“I’m not doing anything until I get legal advice as to whether his (Dutton’s) membership of the Parliament is constitutional.”
Hmm. Yes. Good principle Prime Minister. Obtain qualified legal advice first before any action. Hmm.
These are the sentiments that sound like the principles of a Constitutional Parliamentarian. But is Malcolm Turnbull truly a Constitutional Parliamentarian?
To be such a politician one would require colleagues who were Constitutional Parliamentarians who, having heard the principle, would now remind him of what we know he is sitting upon. After all, it has been 3 months since the Ruddock Panel issued their report. Shouldn’t it have come before the Parliament before the December 2017 legislation to change the Marriage Act? Shouldn’t qualified legal advice have preceded that monumental legislative change?
Let’s review the recent record of the current parliamentary leader of the Liberal Party who,
- could not get his party’s promised plebiscite approved by the Parliament,
- and knowing that Labor had made commitment to same-sex marriage a mandatory commitment for any pre-selected candidates that stood for that party from 2019,
- was given parliamentary and high court permission to purloin $120m from public funds to pay for a bogus Australian Bureau of Statistics survey (bogus according to standard sociological research standards)
- a major sub-purpose of which was to ensure the Parliamentary Liberal Party didn’t fall apart
- by coming to a “party room” agreement amongst themselves that a “YES” majority in the ABS survey would then give them a “free vote” in Parliament,
- which in fact was to many electors contrary to the platform upon which they had voted for Liberal Party candidates in the previous election and upon which the memebers had been elected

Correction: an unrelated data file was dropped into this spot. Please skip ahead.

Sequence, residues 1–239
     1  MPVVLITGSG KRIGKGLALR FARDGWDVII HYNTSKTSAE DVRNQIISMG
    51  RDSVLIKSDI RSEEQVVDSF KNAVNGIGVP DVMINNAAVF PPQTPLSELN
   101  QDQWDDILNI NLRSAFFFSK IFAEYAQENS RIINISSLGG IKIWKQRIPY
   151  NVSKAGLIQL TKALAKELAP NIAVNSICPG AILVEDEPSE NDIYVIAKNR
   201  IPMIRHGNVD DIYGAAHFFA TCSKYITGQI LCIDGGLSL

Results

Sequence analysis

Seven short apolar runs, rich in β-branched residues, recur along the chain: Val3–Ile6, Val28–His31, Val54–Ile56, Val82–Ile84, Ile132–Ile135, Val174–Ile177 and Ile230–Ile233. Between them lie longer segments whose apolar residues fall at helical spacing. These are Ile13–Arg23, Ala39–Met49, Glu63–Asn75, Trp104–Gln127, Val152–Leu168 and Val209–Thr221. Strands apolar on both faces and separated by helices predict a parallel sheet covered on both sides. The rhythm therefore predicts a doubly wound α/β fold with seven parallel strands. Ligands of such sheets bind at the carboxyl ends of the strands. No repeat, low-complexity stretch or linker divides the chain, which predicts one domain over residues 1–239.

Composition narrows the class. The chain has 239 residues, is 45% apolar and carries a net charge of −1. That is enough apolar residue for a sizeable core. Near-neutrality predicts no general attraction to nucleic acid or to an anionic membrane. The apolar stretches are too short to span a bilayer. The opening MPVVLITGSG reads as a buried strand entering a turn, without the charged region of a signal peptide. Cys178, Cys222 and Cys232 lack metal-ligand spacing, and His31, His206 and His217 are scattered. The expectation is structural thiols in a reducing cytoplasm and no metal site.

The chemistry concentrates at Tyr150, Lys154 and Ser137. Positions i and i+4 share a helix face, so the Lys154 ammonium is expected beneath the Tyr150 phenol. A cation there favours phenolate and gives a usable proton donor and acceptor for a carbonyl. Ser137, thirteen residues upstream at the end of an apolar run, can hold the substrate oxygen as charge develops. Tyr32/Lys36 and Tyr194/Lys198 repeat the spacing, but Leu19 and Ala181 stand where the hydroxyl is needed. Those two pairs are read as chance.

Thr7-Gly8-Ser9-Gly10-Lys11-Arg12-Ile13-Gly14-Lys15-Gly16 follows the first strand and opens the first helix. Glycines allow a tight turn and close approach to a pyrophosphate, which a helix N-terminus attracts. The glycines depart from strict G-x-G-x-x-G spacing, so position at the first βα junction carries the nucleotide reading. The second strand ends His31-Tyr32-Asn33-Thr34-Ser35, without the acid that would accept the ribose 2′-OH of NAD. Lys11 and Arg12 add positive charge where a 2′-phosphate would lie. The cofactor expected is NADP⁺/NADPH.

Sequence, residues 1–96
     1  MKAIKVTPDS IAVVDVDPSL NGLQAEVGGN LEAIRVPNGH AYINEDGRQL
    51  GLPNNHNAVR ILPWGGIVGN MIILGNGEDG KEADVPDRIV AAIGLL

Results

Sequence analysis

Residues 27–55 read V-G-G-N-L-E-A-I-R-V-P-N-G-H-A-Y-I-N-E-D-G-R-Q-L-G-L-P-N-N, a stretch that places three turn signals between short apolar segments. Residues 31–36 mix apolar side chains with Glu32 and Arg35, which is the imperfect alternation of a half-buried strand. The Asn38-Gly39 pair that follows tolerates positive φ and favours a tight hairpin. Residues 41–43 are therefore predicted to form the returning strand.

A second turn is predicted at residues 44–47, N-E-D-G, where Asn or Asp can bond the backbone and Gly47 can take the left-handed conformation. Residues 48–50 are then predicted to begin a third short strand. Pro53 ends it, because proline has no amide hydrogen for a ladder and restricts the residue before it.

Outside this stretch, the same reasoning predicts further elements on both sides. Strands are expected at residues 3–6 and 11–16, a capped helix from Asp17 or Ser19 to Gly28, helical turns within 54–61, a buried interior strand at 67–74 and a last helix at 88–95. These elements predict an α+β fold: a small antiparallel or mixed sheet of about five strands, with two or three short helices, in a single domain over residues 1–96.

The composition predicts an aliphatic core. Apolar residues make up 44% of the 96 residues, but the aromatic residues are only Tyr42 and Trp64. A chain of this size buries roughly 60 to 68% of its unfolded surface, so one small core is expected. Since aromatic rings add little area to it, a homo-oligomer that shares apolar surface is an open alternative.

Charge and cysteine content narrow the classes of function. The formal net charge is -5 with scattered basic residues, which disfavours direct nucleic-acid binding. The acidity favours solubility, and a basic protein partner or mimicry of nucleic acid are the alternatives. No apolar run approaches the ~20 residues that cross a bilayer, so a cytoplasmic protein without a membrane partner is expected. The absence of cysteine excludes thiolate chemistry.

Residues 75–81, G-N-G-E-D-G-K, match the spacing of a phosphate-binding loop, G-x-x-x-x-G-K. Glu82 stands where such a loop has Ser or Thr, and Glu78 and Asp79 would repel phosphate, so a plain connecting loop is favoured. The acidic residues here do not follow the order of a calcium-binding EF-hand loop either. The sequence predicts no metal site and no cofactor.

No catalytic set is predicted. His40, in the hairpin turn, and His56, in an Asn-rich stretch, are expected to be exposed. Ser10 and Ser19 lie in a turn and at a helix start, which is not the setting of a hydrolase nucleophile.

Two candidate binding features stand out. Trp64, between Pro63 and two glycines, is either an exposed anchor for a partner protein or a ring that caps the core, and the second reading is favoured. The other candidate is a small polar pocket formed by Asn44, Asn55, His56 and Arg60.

- and so the Liberal-National Government could say they, rather than Labor, had shaped Parliament’s modus operandi in order to deliver the “historic” SSM legislation,
- but to placate wide-spread concerns about the character of the actual legislative changes the leader promised that a panel of jurists would examine the constitutionality of recent legislation in terms basic rights/freedoms
- that has since been delivered to him as PM more than 3 months ago
- and we are still waiting to hear what they have recommended.
Is it purely reactionary conspiratorial thinking to ask whether there is any connection between this parliamentary crisis, SSM/Marriage Act and the Ruddock Panel’s report remaining undisclosed? Surely not.
What all this tells us is that the kind of unity that the Liberal Party, via its Parliamentary (elite) wing concocted for itself by means of the ABS survey (which was more a matter of bean counting than a genuine social survey since all questions about what the YESes and NOes meant were left well and truly up in the air) is no basis at all upon which to build a coherent political contribution let alone a political party.
When in the early years of this millennium, Malcolm Turnbull, as director of the Menzies Centre in Sydney – the Liberal Party think-tank – in one moment, from one side of his mouth, told the country that the Liberal Party should be taking the high moral ground on “family policy”, only to say in the next moment from the other side of his mouth that John Howard was a political genius for orchestrating a “conscience vote” in parliament to vote for embryonic stem-cell research (a “conscience vote” which served to give ex post facto justification for the then member for Bennelong’s reneging on his electoral promise to oppose such research) and thereby maintaining party unity, he was in fact setting forth a political viewpoint – also on family matters – that was incoherent despite its realpolitik presumptions.
And what can we say about the subsequent political career? The rest is history? The practical outworking of that incoherence has now taken 15 years but it is happening and with a petulance that threatens much more than just the seat of Wentworth.
Bruce Wearne (BA, MSocSci, PhD LaTrobe 1986) is a social theorist, who ives in Point Lonsdale, where he maintains a quiet but ongoing campaign of resistance to the stealing of the local village’s name by a real estate developer.